Reviewing this book posed one small problem: I don’t actually HAVE a legal ancestor (although there are possibly one or two illegal ancestors, but thats another story). I’ve done a little research and study into criminal history (check out the Old Bailey online for some good old crime reading), but this book looks very much at the other side of the coin – the judiciary and legal system.
The British legal system is horribly complicated and confusing – Quarter Sessions, Assizes, Magistrates, County Court, High Court to name but a few. There are lawyers, barristers, judges, recorders, registrars, clerks and coroners to name but a few more. Its hard enough to understand for those of us who have studied it for a while, so for the family history enthusiast finding that they have a lawyer in the family, it must be terrifying to know where to start. This book gives a good starting point.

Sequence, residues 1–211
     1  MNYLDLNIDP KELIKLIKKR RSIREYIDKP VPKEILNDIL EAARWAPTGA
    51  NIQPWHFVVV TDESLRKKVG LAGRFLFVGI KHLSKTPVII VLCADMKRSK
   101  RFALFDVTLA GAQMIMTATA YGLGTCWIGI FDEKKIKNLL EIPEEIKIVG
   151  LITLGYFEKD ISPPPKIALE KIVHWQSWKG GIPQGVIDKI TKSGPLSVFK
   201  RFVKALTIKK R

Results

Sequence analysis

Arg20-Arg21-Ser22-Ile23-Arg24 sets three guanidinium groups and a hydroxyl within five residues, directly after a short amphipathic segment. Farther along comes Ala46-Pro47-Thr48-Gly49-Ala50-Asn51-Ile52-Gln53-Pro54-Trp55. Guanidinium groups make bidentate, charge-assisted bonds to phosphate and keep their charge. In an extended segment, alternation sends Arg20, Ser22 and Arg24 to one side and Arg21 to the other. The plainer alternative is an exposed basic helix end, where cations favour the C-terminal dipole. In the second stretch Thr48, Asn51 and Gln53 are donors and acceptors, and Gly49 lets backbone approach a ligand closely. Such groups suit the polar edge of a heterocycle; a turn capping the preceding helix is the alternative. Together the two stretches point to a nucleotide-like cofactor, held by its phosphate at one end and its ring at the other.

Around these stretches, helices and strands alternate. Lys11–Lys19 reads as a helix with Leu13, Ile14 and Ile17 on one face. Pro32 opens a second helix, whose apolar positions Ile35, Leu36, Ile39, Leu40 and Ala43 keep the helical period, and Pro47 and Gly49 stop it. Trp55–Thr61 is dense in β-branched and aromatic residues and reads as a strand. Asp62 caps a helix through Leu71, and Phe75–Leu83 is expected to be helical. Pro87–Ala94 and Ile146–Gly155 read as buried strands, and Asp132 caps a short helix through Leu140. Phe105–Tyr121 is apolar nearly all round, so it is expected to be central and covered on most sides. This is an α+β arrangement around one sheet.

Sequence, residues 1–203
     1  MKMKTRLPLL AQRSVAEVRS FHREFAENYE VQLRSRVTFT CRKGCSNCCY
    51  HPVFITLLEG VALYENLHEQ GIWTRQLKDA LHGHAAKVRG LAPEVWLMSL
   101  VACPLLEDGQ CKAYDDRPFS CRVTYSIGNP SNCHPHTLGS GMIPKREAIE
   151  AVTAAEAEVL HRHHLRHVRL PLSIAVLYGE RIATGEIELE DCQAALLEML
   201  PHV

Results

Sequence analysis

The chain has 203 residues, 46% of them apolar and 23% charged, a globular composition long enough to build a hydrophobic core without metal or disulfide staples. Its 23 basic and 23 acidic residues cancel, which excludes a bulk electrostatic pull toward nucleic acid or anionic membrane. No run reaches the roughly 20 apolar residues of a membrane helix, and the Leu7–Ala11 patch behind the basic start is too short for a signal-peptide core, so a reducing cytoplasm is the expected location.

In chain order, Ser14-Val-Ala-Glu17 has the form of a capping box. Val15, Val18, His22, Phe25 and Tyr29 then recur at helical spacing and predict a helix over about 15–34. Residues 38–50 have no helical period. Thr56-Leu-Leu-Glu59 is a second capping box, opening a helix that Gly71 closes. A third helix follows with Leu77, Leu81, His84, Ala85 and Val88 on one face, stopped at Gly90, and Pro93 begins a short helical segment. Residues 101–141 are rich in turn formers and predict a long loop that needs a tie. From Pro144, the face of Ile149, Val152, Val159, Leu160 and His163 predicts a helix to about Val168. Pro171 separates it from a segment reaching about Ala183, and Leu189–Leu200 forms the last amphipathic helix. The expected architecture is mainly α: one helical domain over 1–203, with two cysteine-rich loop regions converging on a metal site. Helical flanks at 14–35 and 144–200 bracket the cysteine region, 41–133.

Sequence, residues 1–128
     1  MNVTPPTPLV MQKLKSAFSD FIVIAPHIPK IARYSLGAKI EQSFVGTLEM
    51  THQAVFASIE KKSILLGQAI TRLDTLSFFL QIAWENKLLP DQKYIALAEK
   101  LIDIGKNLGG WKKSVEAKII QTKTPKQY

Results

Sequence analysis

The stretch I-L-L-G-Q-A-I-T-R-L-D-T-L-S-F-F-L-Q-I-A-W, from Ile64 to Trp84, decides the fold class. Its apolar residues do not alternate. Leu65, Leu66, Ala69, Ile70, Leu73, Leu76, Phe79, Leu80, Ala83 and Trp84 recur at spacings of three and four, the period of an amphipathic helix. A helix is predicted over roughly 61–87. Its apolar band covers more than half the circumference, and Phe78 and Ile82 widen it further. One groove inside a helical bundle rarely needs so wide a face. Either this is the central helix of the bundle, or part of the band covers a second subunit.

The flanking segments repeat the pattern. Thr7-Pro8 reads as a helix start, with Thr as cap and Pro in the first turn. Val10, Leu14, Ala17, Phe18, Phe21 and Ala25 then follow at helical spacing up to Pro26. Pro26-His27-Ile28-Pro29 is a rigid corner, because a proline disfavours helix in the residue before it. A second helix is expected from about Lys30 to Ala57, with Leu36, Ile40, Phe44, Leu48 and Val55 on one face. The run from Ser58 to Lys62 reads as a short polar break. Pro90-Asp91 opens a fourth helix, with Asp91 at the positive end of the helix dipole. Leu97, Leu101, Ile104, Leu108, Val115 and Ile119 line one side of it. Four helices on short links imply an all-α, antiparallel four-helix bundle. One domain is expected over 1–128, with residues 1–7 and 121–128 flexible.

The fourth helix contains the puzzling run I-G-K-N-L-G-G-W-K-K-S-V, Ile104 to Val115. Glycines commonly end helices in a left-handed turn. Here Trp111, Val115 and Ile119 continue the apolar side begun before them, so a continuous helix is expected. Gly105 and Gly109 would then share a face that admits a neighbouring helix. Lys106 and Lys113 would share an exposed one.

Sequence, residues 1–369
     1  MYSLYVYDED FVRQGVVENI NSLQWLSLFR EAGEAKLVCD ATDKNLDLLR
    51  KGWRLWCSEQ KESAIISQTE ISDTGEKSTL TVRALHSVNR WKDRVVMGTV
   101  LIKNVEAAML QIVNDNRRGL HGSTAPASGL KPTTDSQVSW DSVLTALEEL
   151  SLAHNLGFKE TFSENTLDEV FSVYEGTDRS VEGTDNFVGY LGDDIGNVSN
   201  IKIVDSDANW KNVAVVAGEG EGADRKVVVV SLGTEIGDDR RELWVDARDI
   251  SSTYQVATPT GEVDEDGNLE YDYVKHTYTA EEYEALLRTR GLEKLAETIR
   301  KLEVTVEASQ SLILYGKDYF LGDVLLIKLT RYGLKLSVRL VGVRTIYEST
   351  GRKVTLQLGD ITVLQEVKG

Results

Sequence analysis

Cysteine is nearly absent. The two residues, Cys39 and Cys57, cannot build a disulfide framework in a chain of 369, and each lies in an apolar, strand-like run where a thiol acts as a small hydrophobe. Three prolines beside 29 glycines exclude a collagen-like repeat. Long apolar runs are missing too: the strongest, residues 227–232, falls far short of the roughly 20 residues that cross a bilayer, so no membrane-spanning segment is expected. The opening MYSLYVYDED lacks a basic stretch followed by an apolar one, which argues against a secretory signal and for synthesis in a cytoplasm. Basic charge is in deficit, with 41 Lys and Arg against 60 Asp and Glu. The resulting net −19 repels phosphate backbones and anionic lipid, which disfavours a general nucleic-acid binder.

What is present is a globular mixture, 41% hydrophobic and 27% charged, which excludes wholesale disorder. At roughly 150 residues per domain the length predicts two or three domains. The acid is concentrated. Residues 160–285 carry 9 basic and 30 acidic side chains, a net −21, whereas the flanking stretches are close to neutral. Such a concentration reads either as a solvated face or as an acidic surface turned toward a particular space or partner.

I would go further however, and suggests that this is actually probably quite useful to read if you find that you have a criminal ancestor, as it gives a great description of the legal system. Therefore, you will be able to gain a much better understanding of the system that you ancestor will have gone through, and the people who would have defenced, prosectuted and sentenced them.
Never the less, this is a very useful book indeed. I must confess, it doesn’t sound like the most rivetting read, and its probably not something you would pick up purely for fun. But if you find thats one of your ancestors was a lawyer or judge or such like, this would be an ideal guide. As usual with the ‘Tracing your… Ancestors’ series there are plenty of useful resources listed, and – particularly useful in this case – a sizeable glossary of tecnical legal terms.
Its on my bookshelf just in case!